Jennifer Rubin in the Washington Post’s Right Turn blog opined that “given this shared assessment of Iran — the JCPOA is not going away but the United States needs to confront Iran in other arenas — it’s not surprising that a bipartisan bill, the Countering Iran’s Destabilizing Activities Act of 2017, with seven co-sponsors from each party, was introduced last week.”
“The act establishes new sanctions targeting Iran’s testing of ballistic missiles and its backing for terrorism, and also seeks to block the property of any entity involved in the sale of arms to or from Iran. It does not reintroduce sanctions lifted from Iran as part of the 2015 nuclear deal.”) In a summary released last week, senators described potentially far-reaching measures including mandatory sanctions on those involved with Iran’s ballistic missile program, new sanctions against the Islamic Revolutionary Guard Corps and a requirement for the president “to block the property of any person or entity involved in specific activities related to the supply, sale, or transfer of prohibited arms and related material to or from Iran,” Rubin added.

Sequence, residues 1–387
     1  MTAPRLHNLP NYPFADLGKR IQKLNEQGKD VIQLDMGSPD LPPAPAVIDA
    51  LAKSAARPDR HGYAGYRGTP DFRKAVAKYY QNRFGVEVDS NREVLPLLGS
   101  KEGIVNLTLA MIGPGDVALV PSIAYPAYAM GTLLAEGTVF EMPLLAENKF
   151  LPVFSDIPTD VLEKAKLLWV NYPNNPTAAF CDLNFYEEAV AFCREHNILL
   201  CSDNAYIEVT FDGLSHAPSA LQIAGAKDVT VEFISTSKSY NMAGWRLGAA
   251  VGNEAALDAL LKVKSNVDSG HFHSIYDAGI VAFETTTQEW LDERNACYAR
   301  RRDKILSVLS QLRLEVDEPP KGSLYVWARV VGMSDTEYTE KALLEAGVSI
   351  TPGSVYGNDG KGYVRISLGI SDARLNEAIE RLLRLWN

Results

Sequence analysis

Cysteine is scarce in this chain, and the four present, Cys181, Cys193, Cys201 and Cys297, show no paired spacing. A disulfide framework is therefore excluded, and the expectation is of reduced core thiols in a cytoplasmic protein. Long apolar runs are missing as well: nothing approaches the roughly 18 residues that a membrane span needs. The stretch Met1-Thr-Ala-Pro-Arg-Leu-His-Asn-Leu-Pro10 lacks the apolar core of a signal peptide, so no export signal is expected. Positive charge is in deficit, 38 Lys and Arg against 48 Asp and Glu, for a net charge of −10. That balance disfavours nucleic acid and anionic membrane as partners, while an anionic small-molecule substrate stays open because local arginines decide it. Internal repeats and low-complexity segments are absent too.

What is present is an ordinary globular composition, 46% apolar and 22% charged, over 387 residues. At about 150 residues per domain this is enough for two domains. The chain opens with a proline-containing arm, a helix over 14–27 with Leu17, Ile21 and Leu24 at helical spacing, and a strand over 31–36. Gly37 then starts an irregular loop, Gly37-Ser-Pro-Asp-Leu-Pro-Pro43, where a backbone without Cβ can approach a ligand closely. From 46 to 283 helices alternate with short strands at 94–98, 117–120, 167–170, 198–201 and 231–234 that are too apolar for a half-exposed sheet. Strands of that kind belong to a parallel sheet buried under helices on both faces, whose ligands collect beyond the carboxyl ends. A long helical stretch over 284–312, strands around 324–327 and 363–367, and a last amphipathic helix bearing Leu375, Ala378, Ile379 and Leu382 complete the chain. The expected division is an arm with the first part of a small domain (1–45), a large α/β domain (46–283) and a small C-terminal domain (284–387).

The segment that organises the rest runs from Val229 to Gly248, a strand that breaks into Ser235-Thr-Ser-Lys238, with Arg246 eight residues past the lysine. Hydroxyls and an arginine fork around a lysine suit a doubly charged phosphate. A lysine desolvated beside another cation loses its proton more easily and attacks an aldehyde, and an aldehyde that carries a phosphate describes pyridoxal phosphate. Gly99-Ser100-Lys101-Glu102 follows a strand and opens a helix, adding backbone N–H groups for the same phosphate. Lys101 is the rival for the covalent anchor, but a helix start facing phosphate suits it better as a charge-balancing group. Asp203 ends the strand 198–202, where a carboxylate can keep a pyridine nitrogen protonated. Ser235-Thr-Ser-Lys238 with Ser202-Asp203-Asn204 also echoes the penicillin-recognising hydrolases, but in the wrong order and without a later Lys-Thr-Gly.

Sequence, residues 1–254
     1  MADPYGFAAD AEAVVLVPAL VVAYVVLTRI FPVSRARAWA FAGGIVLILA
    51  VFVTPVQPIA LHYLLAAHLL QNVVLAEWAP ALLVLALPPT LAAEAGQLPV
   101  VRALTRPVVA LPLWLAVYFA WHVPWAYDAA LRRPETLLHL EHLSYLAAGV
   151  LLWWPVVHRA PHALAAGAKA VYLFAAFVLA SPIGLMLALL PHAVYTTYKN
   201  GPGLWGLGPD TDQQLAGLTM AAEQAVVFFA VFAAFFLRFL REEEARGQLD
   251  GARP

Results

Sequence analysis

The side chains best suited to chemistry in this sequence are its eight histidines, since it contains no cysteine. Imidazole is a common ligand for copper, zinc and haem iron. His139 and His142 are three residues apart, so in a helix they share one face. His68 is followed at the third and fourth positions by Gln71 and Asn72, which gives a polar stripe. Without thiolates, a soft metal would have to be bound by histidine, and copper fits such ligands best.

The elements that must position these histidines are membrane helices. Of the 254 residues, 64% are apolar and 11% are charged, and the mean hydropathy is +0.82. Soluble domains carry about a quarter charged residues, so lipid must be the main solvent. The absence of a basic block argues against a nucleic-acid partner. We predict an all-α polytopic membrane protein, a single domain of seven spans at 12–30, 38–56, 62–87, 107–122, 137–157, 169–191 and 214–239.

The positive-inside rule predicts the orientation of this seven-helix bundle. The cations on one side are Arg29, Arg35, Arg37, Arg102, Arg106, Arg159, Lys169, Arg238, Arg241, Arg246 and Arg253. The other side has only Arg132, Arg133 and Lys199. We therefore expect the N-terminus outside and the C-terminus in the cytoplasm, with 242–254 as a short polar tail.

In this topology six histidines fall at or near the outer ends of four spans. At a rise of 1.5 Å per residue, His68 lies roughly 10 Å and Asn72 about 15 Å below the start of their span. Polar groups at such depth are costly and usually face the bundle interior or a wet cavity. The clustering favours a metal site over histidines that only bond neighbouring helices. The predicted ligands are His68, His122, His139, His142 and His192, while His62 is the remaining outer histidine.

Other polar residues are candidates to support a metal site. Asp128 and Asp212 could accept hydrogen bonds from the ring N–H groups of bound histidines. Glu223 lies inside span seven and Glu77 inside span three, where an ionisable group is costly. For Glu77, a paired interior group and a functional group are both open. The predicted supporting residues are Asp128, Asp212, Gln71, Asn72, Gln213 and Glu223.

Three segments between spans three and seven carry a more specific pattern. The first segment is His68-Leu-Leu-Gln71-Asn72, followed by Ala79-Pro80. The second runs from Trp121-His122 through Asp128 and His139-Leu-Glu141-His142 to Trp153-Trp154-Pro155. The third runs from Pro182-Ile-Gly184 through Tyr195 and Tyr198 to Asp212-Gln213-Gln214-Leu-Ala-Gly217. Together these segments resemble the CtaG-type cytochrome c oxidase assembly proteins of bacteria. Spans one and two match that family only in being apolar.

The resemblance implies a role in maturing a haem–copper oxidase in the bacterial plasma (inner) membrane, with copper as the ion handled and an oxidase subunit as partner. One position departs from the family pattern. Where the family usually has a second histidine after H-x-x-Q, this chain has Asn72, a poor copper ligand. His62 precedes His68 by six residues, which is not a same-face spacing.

But it wasn’t just on Capitol Hill where there was unanimous consent as all 15 resolutions passed by the Arab summit which took place in Jordan Wednesday were devoted to an indictment of Iran, its Revolutionary Guards Corps and Lebanese surrogate, Hezbollah. They were a testament to the depth of Arab-Iranian animosity and exposed the extent of the rift between the Sunni and Shiite Muslim worlds.
Iran was accused of meddling in the internal affairs of Arab nations, inciting Shiites against Sunnis, and arming and training Shiite terrorist groups for operations against legitimate Arab governments. The Arab rulers combined to put Tehran in the dock for its interference in the Syrian civil war and assault on its sovereignty.
It was notable that at an Arab summit that has in the past concerned itself with issues related to Israel and the plight of the Palestinian people, the entire focus of the summit was on the Iranian regime; demonstrating how important the issue of confronting Tehran has become to the wider Arab world.